Neurocognitive development in 22q11.2 deletion syndrome: comparison with youth having developmental delay and medical comorbidities.

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TitleNeurocognitive development in 22q11.2 deletion syndrome: comparison with youth having developmental delay and medical comorbidities.
Publication TypeJournal Article
Year of Publication2014
AuthorsGur, RE, Yi, JJ, McDonald-McGinn, DM, Tang, SX, Calkins, ME, Whinna, D, Souders, MC, Savitt, A, Zackai, EH, Moberg, PJ, Emanuel, BS, Gur, RC
JournalMol Psychiatry
Volume19
Issue11
Pagination1205-11
Date Published2014 Nov
ISSN1476-5578
KeywordsAdolescent, Child, Child Development, Cognition, Comorbidity, Cross-Sectional Studies, Developmental Disabilities, DiGeorge Syndrome, Executive Function, Face, Female, Humans, Male, Memory, Episodic, Neuropsychological Tests, Pattern Recognition, Visual, Psychomotor Performance, Social Perception, Young Adult
Abstract

The 22q11.2 deletion syndrome (22q11DS) presents with medical and neuropsychiatric manifestations including neurocognitive deficits. Quantitative neurobehavioral measures linked to brain circuitry can help elucidate genetic mechanisms contributing to deficits. To establish the neurocognitive profile and neurocognitive 'growth charts', we compared cross-sectionally 137 individuals with 22q11DS ages 8-21 to 439 demographically matched non-deleted individuals with developmental delay (DD) and medical comorbidities and 443 typically developing (TD) participants. We administered a computerized neurocognitive battery that measures performance accuracy and speed in executive, episodic memory, complex cognition, social cognition and sensorimotor domains. The accuracy performance profile of 22q11DS showed greater impairment than DD, who were impaired relative to TD. Deficits in 22q11DS were most pronounced for face memory and social cognition, followed by complex cognition. Performance speed was similar for 22q11DS and DD, but 22q11DS individuals were differentially slower in face memory and emotion identification. The growth chart, comparing neurocognitive age based on performance relative to chronological age, indicated that 22q11DS participants lagged behind both groups from the earliest age assessed. The lag ranged from less than 1 year to over 3 years depending on chronological age and neurocognitive domain. The greatest developmental lag across the age range was for social cognition and complex cognition, with the smallest for episodic memory and sensorimotor speed, where lags were similar to DD. The results suggest that 22q11.2 microdeletion confers specific vulnerability that may underlie brain circuitry associated with deficits in several neuropsychiatric disorders, and therefore help identify potential targets and developmental epochs optimal for intervention.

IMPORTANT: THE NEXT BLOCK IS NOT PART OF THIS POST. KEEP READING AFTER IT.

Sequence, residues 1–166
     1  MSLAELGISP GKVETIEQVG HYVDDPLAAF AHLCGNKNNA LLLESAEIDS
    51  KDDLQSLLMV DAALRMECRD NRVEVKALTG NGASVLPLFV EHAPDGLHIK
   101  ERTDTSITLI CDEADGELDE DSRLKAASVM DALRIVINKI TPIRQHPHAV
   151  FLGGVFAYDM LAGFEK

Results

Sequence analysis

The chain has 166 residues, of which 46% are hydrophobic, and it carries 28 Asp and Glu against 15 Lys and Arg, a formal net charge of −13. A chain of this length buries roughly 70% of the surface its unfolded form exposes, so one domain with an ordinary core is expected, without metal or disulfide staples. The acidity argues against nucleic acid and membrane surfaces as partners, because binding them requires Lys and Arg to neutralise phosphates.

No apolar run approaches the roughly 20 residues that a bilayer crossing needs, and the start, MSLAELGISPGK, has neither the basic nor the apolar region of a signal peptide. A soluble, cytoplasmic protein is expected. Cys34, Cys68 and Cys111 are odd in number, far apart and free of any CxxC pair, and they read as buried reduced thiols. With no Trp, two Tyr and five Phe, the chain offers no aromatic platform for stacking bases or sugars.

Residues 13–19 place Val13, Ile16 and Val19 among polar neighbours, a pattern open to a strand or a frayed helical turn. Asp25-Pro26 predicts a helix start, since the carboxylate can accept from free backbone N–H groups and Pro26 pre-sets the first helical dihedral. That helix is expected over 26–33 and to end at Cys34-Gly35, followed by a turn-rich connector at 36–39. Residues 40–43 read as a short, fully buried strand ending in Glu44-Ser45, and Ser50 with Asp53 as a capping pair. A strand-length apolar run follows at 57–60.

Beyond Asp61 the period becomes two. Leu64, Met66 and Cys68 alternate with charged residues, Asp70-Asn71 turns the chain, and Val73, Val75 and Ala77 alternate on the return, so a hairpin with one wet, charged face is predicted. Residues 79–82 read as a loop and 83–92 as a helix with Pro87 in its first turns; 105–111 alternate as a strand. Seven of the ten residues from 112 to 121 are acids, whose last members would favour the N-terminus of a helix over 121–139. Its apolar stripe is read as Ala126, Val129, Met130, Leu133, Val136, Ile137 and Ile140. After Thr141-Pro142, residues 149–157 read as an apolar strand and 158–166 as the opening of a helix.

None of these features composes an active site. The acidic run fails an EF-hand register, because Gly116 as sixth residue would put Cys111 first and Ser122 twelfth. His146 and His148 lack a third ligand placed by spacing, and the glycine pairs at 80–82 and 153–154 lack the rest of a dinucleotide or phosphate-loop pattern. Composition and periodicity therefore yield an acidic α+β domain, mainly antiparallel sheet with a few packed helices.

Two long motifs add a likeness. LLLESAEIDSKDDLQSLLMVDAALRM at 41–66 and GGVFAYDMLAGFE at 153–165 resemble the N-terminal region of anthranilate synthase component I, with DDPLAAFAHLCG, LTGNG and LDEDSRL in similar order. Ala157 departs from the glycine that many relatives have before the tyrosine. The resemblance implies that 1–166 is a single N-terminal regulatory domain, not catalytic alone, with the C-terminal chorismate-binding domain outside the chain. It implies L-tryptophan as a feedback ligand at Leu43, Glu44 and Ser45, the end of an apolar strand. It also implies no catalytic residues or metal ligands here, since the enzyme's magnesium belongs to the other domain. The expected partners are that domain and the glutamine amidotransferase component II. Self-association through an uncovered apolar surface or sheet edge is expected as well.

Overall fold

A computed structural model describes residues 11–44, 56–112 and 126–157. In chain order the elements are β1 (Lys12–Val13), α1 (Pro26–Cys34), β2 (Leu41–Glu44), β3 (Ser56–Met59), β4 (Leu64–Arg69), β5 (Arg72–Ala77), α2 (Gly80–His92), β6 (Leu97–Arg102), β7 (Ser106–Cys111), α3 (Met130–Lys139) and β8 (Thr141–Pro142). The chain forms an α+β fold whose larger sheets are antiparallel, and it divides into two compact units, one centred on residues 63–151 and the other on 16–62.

DOI10.1038/mp.2013.189
Alternate JournalMol. Psychiatry
PubMed ID24445907
PubMed Central IDPMC4450860
Grant ListT32 MH019112 / MH / NIMH NIH HHS / United States
U01 MH087626 / MH / NIMH NIH HHS / United States
MH089924 / MH / NIMH NIH HHS / United States
K08 MH079364 / MH / NIMH NIH HHS / United States
RC2 MH089924 / MH / NIMH NIH HHS / United States
MH087626 / MH / NIMH NIH HHS / United States
K08 MH 079364 / MH / NIMH NIH HHS / United States
MH089983 / MH / NIMH NIH HHS / United States
MH087636 / MH / NIMH NIH HHS / United States
U01 MH087636 / MH / NIMH NIH HHS / United States
RC2 MH089983 / MH / NIMH NIH HHS / United States
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